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Twelfth Night is a must-read chef-d’oeuvre written by William Shakespeare, the famous playwright of his time. Short as it is, the masterwork is heavy laden with moral lessons, with each word strategically crafted to address a certain theme. The paper presents a summary of the novel’s five acts further addressing the main conflicts and key figures as pointed out by Shakespeare.
Act I opens the story with Duke Orsino, a noble man who has reverted to listening to music as he thinks about his lover Olivia who is mourning his brother and has vowed not to let anyone see her face for seven years. It further brings into limelight Viola, a woman who survives from a shipwreck and comes to a strange land.
She is worried that his brother Sebastian is dead forcing her to seek assistance from the captain in looking for a job whereby she feigns manhood to gain favor as a servant at Orsino place. The idea strikes her because Olivia does not want to see any person before her face. The reader too encounters sir Toby, Olivia’s uncle and Maria, her gentle woman who is aware of the plans of Toby to ensure that Sir Andrew gets married to Olivia. Maria is against this move even though Toby sees Andrew as a person who matches his niece.
Orsino takes the stage developing interest in Olivia who has changed her name to Cesario purposely to strengthen his love with Olivia. However, Viola reaches a point and wishes to be his wife. Viola then delivers a letter to Olivia, who develops feelings for Viola and sends her some rings in pretext that he forgets them when he delivers to her the message from Orsino. Funny enough, Olivia does this believing that Viola is a man.
Act II follows with new characters, Sebastian and Antonio. Sebastian is worried that his sister is dead and therefore he is alone since his father too dead. They decide to go to Orsino’s courts. Antonio, Sebastian friend vows to accompany Sebastian knowing very well the consequences that he may go through.
In this act, Cesario also comes to her senses that Olivia is in love with her based on her actions towards him. The reader also encounters a trick to fool Malvolio that Olivia loves him through a letter written by Maria who has handwriting similar to that of Olivia. Orsino and Viola are engaged in a discussion about love. The conversation ends by Orsino sending viola a letter to take to Olivia. On the other hand, Malvolio who fantasies about his love to Olivia picks the letter drafted by Maria.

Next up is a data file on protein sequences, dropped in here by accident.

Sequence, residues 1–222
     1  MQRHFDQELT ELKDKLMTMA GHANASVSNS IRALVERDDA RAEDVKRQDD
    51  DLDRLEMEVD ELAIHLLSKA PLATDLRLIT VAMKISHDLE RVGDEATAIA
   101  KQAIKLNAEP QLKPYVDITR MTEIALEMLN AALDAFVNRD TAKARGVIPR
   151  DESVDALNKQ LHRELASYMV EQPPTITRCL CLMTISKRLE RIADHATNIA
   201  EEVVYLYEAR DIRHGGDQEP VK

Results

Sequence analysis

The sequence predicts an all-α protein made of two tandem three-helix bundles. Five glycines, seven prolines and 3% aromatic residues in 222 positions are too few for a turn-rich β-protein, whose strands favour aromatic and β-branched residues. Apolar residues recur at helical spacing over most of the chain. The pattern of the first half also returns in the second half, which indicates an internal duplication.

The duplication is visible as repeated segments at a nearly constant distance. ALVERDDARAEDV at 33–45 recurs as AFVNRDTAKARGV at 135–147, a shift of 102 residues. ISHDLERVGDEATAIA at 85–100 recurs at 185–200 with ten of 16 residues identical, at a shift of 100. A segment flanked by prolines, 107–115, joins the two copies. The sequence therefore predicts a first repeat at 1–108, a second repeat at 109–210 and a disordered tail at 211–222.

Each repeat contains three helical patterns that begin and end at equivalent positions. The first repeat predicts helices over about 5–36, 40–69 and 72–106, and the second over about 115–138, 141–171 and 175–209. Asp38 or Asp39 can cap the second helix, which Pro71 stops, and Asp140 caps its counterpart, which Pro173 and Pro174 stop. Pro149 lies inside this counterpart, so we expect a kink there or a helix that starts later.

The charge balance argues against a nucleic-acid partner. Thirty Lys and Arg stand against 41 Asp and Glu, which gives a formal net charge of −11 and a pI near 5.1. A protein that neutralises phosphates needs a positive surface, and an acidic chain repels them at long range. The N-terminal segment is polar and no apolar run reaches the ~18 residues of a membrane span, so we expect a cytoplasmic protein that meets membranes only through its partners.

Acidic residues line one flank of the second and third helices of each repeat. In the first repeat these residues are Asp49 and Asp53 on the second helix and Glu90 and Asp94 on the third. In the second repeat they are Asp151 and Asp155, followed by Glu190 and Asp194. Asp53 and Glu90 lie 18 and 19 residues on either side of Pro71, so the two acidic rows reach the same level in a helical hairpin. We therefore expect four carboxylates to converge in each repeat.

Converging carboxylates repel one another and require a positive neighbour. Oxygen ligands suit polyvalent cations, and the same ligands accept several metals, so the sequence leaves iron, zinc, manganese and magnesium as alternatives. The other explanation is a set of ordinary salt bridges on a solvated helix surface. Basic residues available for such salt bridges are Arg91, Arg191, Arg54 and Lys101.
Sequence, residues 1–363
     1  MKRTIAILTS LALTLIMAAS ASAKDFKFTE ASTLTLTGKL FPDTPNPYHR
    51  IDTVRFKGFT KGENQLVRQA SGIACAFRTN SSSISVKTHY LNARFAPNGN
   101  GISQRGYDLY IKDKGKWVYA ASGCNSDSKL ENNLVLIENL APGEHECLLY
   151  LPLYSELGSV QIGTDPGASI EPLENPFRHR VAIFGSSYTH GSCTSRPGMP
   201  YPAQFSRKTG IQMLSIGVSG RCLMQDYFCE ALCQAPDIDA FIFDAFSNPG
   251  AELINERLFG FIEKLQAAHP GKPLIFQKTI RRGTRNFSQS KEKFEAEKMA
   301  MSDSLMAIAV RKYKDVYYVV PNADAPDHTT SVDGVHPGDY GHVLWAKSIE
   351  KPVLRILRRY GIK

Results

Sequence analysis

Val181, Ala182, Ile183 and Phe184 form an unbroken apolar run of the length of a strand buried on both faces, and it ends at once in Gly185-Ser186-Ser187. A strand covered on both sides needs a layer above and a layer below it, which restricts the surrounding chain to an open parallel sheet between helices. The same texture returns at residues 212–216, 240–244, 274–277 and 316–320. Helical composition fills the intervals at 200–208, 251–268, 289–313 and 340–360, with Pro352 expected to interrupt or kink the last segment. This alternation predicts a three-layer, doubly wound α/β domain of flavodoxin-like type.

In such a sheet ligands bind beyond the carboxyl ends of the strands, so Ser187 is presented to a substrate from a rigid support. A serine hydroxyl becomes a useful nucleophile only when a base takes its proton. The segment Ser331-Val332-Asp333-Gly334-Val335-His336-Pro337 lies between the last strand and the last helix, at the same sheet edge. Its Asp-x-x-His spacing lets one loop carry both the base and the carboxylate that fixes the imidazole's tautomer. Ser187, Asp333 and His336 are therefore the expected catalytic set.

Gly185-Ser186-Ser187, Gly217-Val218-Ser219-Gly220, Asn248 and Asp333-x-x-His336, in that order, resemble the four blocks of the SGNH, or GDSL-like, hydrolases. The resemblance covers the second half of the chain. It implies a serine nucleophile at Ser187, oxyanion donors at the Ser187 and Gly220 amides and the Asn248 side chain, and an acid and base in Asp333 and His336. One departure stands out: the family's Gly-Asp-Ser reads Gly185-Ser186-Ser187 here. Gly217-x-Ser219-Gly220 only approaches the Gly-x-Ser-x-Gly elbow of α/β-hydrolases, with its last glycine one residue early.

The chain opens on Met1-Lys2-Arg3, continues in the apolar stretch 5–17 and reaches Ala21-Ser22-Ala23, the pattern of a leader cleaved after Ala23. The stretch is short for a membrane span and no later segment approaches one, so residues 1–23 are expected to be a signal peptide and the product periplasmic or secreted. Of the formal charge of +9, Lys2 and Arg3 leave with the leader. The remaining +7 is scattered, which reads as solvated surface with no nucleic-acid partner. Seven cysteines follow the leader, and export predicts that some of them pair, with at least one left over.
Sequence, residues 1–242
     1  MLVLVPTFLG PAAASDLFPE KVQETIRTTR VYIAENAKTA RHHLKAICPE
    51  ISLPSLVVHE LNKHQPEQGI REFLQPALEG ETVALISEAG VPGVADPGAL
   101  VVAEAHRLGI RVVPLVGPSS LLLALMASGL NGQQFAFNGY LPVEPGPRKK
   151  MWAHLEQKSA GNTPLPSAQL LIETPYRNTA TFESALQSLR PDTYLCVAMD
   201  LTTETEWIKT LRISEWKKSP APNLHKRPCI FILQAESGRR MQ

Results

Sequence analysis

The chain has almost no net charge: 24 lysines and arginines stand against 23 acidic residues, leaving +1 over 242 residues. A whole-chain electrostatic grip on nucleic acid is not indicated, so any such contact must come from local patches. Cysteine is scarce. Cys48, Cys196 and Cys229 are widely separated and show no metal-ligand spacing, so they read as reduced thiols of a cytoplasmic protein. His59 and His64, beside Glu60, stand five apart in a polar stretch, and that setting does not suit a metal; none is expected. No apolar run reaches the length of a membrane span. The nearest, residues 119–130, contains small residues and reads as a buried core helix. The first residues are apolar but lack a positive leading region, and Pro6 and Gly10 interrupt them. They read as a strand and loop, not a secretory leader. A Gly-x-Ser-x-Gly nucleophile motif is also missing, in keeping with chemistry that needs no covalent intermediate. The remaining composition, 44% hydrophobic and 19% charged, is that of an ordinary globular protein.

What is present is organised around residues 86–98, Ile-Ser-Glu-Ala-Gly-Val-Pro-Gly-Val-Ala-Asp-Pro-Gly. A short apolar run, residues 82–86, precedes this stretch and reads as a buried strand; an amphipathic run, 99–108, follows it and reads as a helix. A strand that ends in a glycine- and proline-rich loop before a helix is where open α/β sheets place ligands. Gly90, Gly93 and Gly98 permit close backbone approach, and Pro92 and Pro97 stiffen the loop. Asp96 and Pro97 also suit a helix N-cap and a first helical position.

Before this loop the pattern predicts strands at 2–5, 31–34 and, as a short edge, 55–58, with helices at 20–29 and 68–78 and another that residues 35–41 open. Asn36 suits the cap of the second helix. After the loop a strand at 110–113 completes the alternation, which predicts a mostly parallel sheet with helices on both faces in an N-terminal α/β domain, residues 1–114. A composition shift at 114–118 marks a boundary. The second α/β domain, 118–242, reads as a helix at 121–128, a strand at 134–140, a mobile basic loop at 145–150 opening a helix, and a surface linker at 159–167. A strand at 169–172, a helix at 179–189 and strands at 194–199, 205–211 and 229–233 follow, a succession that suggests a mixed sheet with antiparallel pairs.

In act III, the reader encounters the blossoming love between Olivia and Viola. Upon seeing Cesario, Olivia requests Toby and Andrew to excuse her to talk to Cesario. Cesario tells Olivia that he cannot fall in love with her because there is one person he loves. Malvolio’s confusion forces him into doing awkward things as per the letter in order to appease Olivia.
For instance, he is wearing yellow stockings and laughing all over to attract attention from Olivia. Sebastian and Antonio arrive at their destination though Antonio feels insecure. The people receive him with hostility because of his involvement in the sea fight against the men of Orsino, who gets hold of him. He in turn seeks assistance from Cesario whom he confuses for Sebastian.
Act IV opens with Sebastian confused with Cesario. Olivia mistakes Sebastian for Cesario going further to request him to marry her. Sebastian’s lack of understanding the underlying accepts the offer and marries Sebastian. Malvolio is still in the dark room recuperating from his alleged madness.
Act V follows with Antonio’s men taking him to Orsino where he identifies Cesario as Sebastian. He accuses Cesario for not rescuing him when he upon his arrest by the police. The truth stand out when it comes to every person senses that Cesario is a woman. The wedding organized features Orsino as the bride with Viola acting as the bridegroom. Further, Tobby marries Maria. Malvolio is released from the dark room after the truth is known and it come out clear that he was not insane as they had early thought.
Overall summary of the main conflict
Shakespeare successfully addresses the conflicts associated with love for instance deception, illusion, extraordinary things, disguises, and madness amongst others.